* Take part in a video campaign that can be shared with members of Congress, regulatory officials and the public. Upload a 30-40 second video about the impacts of large-scale cuts on your ability to provide patients with the right care at the right time. Email Molly Nichelson at firstname.lastname@example.org to have it posted for you on ACC Advocacy's YouTube" site. Don't own a video camera? Submit your story via the ACC's online forum, "The Lewin Report."
* Take part in the ACC's "Cut the Cuts Roadshow" and volunteer to give your own or facilitate an ACC-taped presentation on the implications of the cuts on cardiology to your hospital or practice group. Email email@example.com for more information
* Get involved with your local Chapter's efforts: this could include volunteering your practice to host a "Cardiologist for a Day" event, writing op-eds and more. Go to www.acc.org/chapters for contact information or email firstname.lastname@example.org.
Posted by Lefty at 9:40 PM
Saturday, July 4, 2009
Two of my favorite magazines. Well worth it. Free. If anyone reads magazines anymore. Actually, I like magazines because they're very portable and easy to read. Especially in the bathroom. Newspapers are too inconvenient. Thus the demise of newspapers.
Anyway, here are the links. They're free. No credit cards. Just answer a few questions and give 'em your address. I usually fill out a fake name. And use my spam email address so as not to be bombarded by spam. I recommend you do the same. You don't have a spam email address you say? Well time to create one. By the way, Forbes is an awesome magazine for those who haven't spent much time reading it.
Business Week (here)
Posted by Lefty at 7:14 PM
Wednesday, July 1, 2009
I voted for him. Much to the dismay of my family. Not because they are war mongering Republicans, but because they are fiscally conservative and scared to death of a Democrat's "big government".
I shunned them. Praising Obama. Loving the thought of having a leader the world respected. Hopeful that we wouldn't be mired in war for the rest of my life. Scorning Bush at every chance and how he single-handedly ended the supremacy of the greatest nation the world had ever seen.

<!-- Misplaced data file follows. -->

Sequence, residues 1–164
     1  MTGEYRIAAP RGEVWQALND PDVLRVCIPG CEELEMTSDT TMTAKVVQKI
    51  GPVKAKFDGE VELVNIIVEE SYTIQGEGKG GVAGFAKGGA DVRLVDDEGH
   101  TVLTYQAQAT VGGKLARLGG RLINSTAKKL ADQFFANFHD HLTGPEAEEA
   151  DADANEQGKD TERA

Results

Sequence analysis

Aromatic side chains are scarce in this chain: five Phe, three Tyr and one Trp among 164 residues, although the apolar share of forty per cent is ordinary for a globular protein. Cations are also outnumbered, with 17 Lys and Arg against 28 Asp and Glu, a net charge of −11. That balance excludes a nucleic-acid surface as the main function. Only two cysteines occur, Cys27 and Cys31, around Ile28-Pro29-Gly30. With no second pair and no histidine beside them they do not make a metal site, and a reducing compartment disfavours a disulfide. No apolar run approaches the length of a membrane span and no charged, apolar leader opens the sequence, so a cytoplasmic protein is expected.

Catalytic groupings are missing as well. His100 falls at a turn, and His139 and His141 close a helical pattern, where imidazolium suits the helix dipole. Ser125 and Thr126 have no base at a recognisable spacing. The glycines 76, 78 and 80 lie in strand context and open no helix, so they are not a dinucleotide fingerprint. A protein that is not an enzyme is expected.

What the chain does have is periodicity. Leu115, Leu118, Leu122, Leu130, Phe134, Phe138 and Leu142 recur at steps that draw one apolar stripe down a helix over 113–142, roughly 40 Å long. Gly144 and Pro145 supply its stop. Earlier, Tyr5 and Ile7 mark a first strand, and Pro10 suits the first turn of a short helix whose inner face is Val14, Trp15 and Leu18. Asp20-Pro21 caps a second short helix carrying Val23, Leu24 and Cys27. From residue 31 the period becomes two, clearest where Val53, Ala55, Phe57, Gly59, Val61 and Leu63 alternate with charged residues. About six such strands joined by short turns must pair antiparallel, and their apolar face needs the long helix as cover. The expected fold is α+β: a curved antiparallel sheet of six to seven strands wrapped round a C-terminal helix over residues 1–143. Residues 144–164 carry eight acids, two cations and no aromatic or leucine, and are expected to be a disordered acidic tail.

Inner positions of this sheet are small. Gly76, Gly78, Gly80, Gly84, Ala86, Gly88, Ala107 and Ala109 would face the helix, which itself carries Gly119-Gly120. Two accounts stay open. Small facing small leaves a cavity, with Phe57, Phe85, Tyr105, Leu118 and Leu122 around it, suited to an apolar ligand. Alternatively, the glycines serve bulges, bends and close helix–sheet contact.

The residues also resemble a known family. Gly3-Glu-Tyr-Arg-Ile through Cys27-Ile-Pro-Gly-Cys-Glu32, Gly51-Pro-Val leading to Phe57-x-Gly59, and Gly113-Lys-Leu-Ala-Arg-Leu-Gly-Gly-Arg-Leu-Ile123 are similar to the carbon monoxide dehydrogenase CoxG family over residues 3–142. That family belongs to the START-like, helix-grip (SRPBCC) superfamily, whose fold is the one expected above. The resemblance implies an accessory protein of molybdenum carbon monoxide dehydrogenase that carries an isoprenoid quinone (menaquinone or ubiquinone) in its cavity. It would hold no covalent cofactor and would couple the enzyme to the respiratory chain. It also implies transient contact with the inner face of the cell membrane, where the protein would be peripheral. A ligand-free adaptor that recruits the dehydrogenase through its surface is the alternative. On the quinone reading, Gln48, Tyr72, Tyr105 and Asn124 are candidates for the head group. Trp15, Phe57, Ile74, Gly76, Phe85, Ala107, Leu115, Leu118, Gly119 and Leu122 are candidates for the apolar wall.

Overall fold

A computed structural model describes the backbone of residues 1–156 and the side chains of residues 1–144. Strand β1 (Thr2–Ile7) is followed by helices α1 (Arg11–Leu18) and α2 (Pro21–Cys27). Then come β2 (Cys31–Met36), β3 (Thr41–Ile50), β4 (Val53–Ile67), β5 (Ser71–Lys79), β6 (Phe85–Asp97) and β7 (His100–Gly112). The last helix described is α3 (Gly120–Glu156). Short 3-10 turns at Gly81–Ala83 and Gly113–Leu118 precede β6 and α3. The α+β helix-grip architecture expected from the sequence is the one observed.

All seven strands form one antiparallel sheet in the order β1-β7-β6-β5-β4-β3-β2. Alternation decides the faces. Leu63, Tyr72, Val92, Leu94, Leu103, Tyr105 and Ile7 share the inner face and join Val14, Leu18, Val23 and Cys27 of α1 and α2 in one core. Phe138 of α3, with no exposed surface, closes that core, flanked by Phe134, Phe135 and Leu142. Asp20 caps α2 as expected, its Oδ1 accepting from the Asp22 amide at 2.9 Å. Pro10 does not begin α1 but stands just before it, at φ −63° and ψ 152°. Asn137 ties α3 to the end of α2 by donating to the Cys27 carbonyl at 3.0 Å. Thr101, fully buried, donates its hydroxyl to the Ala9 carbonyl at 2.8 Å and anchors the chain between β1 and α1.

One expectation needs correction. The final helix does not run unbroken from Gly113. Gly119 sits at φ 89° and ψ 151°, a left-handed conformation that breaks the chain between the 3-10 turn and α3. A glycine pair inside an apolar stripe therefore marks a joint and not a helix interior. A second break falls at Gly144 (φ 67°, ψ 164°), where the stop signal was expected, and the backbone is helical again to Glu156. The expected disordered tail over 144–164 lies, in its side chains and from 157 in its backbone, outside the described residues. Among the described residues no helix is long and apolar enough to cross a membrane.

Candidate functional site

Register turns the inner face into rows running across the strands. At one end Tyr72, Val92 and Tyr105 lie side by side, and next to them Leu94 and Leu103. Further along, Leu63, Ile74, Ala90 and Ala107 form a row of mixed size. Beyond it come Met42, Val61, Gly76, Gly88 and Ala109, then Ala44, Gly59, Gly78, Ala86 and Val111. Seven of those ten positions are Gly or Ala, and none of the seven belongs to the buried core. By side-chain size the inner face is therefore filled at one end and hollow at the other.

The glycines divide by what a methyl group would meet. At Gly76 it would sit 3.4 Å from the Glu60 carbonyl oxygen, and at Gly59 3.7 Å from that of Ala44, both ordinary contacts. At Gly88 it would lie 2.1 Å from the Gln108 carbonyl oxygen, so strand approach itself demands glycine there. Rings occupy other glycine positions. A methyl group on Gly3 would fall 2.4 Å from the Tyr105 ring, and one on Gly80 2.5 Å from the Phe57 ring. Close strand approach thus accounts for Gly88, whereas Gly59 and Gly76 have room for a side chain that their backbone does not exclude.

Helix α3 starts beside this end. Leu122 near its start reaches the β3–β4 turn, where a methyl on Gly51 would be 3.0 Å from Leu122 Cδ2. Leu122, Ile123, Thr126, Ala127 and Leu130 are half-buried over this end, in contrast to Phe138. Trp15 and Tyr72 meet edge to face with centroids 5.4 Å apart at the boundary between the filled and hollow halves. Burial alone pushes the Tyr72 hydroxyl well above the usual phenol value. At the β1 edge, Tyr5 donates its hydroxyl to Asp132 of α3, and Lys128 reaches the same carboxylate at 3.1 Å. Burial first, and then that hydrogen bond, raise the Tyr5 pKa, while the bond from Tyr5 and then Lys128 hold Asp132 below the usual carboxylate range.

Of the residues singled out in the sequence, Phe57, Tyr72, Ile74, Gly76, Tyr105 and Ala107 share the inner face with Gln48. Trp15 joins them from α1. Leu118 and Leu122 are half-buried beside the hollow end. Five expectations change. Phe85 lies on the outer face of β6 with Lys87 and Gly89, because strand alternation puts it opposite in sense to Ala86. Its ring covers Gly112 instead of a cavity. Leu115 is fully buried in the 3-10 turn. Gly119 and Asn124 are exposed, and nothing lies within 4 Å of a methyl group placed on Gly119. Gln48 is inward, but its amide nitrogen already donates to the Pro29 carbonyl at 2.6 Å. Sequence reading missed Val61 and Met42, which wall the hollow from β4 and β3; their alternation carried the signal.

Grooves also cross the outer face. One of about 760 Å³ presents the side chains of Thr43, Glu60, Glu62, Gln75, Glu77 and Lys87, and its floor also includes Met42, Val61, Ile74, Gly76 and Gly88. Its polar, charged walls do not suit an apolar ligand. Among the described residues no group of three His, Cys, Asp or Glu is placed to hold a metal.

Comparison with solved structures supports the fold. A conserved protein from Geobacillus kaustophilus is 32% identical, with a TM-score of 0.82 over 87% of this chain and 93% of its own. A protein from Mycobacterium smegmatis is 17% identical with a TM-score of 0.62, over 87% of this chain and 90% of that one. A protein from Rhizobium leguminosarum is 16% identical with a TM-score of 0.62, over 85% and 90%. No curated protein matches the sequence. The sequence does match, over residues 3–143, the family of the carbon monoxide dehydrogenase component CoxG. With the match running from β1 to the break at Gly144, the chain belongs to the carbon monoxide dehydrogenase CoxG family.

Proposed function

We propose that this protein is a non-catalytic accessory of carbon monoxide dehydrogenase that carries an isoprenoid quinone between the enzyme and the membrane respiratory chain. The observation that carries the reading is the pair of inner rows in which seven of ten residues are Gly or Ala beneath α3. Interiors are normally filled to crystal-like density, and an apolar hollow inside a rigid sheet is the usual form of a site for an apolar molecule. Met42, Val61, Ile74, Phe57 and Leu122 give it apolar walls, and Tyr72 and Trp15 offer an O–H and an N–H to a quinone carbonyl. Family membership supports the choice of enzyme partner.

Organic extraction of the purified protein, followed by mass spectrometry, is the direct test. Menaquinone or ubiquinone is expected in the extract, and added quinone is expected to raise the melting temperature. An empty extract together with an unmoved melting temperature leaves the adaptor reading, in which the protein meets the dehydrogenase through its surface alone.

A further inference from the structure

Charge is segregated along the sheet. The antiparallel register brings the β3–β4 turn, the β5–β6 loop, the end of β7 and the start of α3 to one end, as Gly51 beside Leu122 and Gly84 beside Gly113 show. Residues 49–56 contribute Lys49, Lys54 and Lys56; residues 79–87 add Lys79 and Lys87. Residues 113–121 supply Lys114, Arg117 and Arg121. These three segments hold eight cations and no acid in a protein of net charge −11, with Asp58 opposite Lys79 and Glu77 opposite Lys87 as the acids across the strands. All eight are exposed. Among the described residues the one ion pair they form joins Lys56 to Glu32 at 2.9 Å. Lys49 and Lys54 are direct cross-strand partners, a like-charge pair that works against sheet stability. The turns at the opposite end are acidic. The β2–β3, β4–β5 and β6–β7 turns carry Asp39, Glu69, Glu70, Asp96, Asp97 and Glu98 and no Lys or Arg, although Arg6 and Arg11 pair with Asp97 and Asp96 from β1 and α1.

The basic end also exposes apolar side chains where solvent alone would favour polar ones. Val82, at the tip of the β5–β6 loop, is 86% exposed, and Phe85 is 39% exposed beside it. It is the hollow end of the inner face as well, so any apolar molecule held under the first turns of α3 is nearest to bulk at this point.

The first six months of Obama's presidency, I was elated. He was taking a different tone and stance on everything. I admired him and loved the direction America was going. Then slowly, cracks appeared in his armor. At once, a person I had thought was a moderate Democrat has become the most left winged socialist I could have imagined. I really hope this is just a figment of my imagination. And that I'm jumping the gun. But he's coming dreadfully close to mirroring some Chavezian policies.
I was raised in a family that rewarded hard work and dedication to school and life. It's part of what drove me to get my MBA and continue to push myself to achieve, even when others viewed my situation as ideal. I've learned not to take things for granted: life, friends, family, finances, and happiness.
I've watched as my parents worked tirelessly to provide for my brother and me. To give us things they never had so that we could live a life they had only dreamed of. And they succeeded.
But change is upon us if Obama has his way. See, we're not being rewarded for hard work and dedication anymore. And we're not at fault for mistakes we make. It's called responsibility. And there doesn't seem to be any culpability anymore. It's disgusting me! My dad is making less money than ever, as a physician. 30 some years of service. And he earns less than he ever did. What other field pays you less the longer you work? Name one. Sure, some of you will scoff... "he's a doctor, he earns plenty". Yea, he spent 10+ years after college in training (that's ten less earning years). He saves people's lives. He's on call. He spends the worst 30 seconds of people's lives with them - having to tell people they are dying. Or telling family members their loved ones have died. If you're complaining about prices. Take it up with your insurance provider. They're making plenty. But enough about that.
America used to be the Land of Opportunity - where your dreams came true if you worked hard. People aren't working hard anymore. They're sitting around and waiting for handouts. This sounds sustainable. Maybe a little adversity would actually make us stronger.
Just my 2 cents.
Posted by Lefty at 1:35 PM